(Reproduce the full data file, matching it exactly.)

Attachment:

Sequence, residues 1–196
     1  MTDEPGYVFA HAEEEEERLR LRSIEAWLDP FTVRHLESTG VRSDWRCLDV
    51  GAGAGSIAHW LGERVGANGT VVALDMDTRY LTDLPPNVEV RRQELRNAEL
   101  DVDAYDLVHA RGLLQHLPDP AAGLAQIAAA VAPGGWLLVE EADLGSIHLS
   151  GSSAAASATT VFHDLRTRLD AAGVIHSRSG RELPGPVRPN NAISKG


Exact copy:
Sequence, residues 1–196
     1  MTDEPGYVFA HAEEEEERLR LRSIEAWLDP FTVRHLESTG VRSDWRCLDV
    51  GAGAGSIAHW LGERVGANGT VVALDMDTRY LTDLPPNVEV RRQELRNAEL
   101  DVDAYDLVHA RGLLQHLPDP AAGLAQIAAA VAPGGWLLVE EADLGSIHLS
   151  GSSAAASATT VFHDLRTRLD AAGVIHSRSG RELPGPVRPN NAISKG